The new hotels come as the coronavirus pandemic has forced the closure of Anaheim’s main economic generators. With tourism restricted and Disneyland and the Anaheim Convention Center remaining closed, many of the city’s hotels have had to shutter or severely limit operations.
Before the pandemic hit in March, Anaheim attracted more than 23 million visitors and hosted more than 400 events at the Honda Center and the convention center each year.
The city’s 157 hotels had an 84 percent occupancy rate, according to the city. The national hotel occupancy rate is 66 percent, according to hotel data firm STR.
In the week of October 4 – 10, the Anaheim/Santa Ana market had a 44.3 percent occupancy rate. Last year, occupancy for the comparable week was 85 percent, according to STR.
The city estimates hotel transient occupancy tax, which goes into the city’s general fund and pays for essential city services, has dropped 30 percent to $84 million from $120 million a year ago.
The American Hotel and Lodging Association sent out a statement that if Congress does not pass another round of aid, more than 3,800 hotels in the state could permanently close.
Despite the pandemic, the hotel business still is moving forward. The Radisson Blu, J.W. Marriott, and the Westin Anaheim Resort were all in development years before the pandemic hit.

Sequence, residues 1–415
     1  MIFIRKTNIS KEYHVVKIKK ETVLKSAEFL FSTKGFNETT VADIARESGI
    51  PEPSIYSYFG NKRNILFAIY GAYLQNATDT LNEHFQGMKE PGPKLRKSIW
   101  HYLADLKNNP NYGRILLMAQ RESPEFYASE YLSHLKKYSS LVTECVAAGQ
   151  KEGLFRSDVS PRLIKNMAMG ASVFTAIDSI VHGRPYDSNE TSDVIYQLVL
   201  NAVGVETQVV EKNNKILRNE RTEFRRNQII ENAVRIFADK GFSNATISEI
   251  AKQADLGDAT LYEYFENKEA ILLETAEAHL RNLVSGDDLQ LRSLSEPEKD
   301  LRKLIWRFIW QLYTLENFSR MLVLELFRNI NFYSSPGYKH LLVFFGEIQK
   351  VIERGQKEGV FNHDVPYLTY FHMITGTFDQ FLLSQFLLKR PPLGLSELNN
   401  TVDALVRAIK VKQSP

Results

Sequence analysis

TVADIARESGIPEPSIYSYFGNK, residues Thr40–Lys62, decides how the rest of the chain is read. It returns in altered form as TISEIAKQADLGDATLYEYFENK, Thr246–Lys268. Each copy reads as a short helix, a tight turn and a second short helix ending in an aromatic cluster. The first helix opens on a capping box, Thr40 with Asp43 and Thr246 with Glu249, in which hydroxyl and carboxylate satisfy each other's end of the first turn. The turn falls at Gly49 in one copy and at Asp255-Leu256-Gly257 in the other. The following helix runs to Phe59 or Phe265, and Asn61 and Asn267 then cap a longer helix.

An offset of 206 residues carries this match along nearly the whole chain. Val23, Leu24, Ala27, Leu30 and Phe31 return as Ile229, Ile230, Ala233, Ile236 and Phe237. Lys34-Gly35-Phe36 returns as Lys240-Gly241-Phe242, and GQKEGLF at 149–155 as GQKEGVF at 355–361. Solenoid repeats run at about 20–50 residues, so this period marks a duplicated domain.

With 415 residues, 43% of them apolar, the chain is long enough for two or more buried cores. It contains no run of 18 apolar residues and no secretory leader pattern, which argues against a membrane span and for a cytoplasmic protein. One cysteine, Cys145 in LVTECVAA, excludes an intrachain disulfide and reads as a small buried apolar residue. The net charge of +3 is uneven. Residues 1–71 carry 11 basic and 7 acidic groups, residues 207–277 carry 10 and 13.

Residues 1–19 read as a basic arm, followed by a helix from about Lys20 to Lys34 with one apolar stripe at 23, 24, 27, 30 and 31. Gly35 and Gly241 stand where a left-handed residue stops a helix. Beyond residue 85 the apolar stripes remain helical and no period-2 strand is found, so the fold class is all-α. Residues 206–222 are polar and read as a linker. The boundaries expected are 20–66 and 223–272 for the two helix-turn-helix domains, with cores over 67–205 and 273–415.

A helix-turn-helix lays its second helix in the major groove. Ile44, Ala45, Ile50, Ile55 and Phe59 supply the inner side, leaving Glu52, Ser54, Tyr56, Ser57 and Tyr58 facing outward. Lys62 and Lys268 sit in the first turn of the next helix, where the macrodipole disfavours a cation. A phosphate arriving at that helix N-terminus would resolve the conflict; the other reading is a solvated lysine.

“These processes were in play four and four and a half years ago,” Lindberg said. “Commitments have been made to get the hotel online. Now is the time to do it anyway. We want to turn this into an opportunity and get our staffed trained, and when things do get to normal, we’ll be ready for it.”
To adjust to the current pandemic situation and keep guests safe, Lindberg said, the Radisson Blu will only make available half of its 326 rooms.
The hotel’s HVAC system has been upgraded with MERV 13 filters – the type of air quality found in hospitals.
Plexiglass screens have been installed in the front lobby counter, Lindberg said. There are hand sanitizers in the lobby, masks are required for staff and guests, and the hotel is implementing a daily deep cleaning process.
The hotel is also operating with a small staff and will hire additional employees as demand grows, he said.
Mirza, the general manager at J.W. Marriott, said they have also adopted several health and safety features at the resort.
Guests are required to wear masks and have their temperature checked. The pool will have limited capacity. The lounge chairs are spread six feet apart. Guests will access their rooms and menus of the hotel’s restaurant with their mobile phones.
There is even a dedicated “cleaning champion” on staff.
Service and providing a guest experience will continue to remain paramount, Mirza said.
“Hospitality is supposed to be friendly,” Mirza said. “Even though we have to wear face masks, we’ve taught all of our staff to smile with their eyes.”
With the pandemic still going on, Disneyland and the convention center closed and the placement of these luxury products in a new but untested market, the road for these hotels is tough.
But Lindberg and Mirza said they expect better days ahead. The pandemic is not going to go on forever. Anaheim’s economic engines will open again sometime in the future.
Mirza said he’s already seen an uptick of guests checking in to the J.W. because people are sick of staying home. There is going to be a lot of pent-up demand, he said.
“Once Disneyland and the convention center reopens, everything will be better,” Mirza said.
atlashospitalitygroup hospitalityindustry hotelnews